Meanwhile, Marnie’s ex Charlie is performing with his band and the two have an awkward encounter where Charlie reveals he is seeing someone; a mere two weeks after they broke up. She, of course, is clueless as to the fact that he’s moved on, clearly indicated when she tells him she’s happy he’s found "satisfaction outside of their relationship." (That provokes a befuddled response from Charlie.)

In another room, Hannah spots Adam dancing up a storm with a bunch of lesbians. "I’ve never seen him outside his house. I’ve never seen him with a shirt on!" Marnie approaches the group hilariously mocking the familiar tableau of a group of friends standing in formation looking at something in the distance. "Why are you all standing in a line?" Hannah ends up talking to a girl named Tako that accidentally informs her that Adam is a recovering alcoholic and loves books; two things about which Hannah had no clue.

Outside the club, Ray, Charlie’s band-mate, ends up having to be Shoshanna’s "crack spirit guide" when she freaks out and runs from the party into the alleyways of NYC. Inside, Jessa and her boss meet up and she finds out that he isn’t really the guy she thought he might be... which is nice. I’m glad they didn’t go the ole’ babysitter screwing the kid’s father route. Their relationship is a bit more complex, which is refreshing.

In another area of the party, Marnie - still obsessed with the fact that her ex has already moved on - runs into Hannah’s gay ex Elijah and starts going on and on about her problems. In true Dunham fashion she calls Marnie’s character out on her behavior when she has Elijah let her have it. This was the best exchange of the episode:

Elijah: "I haven’t seen you since college. And then you make me listen to the same crap I’ve been listening to since 2006! It all sounds like vintage Hannah."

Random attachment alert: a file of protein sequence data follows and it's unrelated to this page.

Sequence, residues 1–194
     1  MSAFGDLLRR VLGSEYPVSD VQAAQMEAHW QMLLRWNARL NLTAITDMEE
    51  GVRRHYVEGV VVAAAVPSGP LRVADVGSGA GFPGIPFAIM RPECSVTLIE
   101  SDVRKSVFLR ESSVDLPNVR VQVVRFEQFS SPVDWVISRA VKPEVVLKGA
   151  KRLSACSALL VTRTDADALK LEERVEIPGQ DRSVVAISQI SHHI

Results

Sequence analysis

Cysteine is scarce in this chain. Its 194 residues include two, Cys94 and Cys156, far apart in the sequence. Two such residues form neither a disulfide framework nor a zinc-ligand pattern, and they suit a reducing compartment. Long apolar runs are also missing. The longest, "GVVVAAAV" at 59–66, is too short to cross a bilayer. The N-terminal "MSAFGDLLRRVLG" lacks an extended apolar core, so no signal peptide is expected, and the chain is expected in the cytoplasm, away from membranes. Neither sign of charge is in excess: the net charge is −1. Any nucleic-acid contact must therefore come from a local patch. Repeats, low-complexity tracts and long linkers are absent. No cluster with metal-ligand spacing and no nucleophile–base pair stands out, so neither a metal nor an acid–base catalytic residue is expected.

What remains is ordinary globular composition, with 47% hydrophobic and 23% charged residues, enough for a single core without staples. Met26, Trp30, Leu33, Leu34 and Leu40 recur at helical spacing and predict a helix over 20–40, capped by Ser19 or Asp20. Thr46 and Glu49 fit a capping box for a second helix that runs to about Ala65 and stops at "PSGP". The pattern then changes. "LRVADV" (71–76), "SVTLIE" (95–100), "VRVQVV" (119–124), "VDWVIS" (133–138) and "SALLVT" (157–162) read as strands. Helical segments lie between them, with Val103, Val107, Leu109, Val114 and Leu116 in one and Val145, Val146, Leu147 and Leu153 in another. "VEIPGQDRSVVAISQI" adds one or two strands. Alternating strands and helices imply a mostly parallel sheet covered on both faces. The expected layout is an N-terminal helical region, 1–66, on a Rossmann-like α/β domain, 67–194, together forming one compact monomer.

They continue to argue the finer points of being selfish when he brings up the fact that he and Marnie made out in her dorm room after "Rent" rehearsals. She argues that he was selfish for dating Hannah for two years while he was a "secret queer."

Ejijah: "Secret? (beat) Rent! Rehearsals!"

Marnie: "Well, I don’t know whose dick you had to suck to get that part, because your voice sounds like a bag of dying babies."

In the meantime, as Adam and Hannah go off looking for scrap metal (don’t ask) Hannah clearly still has some things to learn about easily giving into guys despite her better judgment. But what’s even more telling is that Adam (Adam Driver who is proving himself to be a refreshingly layered performer) calls HER out on her selfishness.

As she gets upset (for herself) about Adam not revealing his past to her he finally explodes.

Adam: "You never asked!!!! You never ask me anything besides ’does this feel okay?’ Or ’do you like my skirt?’ Or ’How much is your rent?’ I’m not going to talk your ear off about shit you don’t ask about. You don’t wanna know me. You wanna come over in the night and have me fuck the dogshit out of you then you want to leave and write about it in your diary. You don’t wanna know me."

Her response?

"Do you ever think about me when I’m not there?"

His?

"Seeeee????"

Yet... it’s the end of the episode that is the most telling. For both of them.

"Girls" airs at 10pm et/pt on HBO.

Kevin Taft is a screenwriter/critic living in Los Angeles with an unnatural attachment to ’Star Wars’ and the desire to be adopted by Steven Spielberg. He can be seen in the flesh on the weekly PBS movie review series "Just Seen It."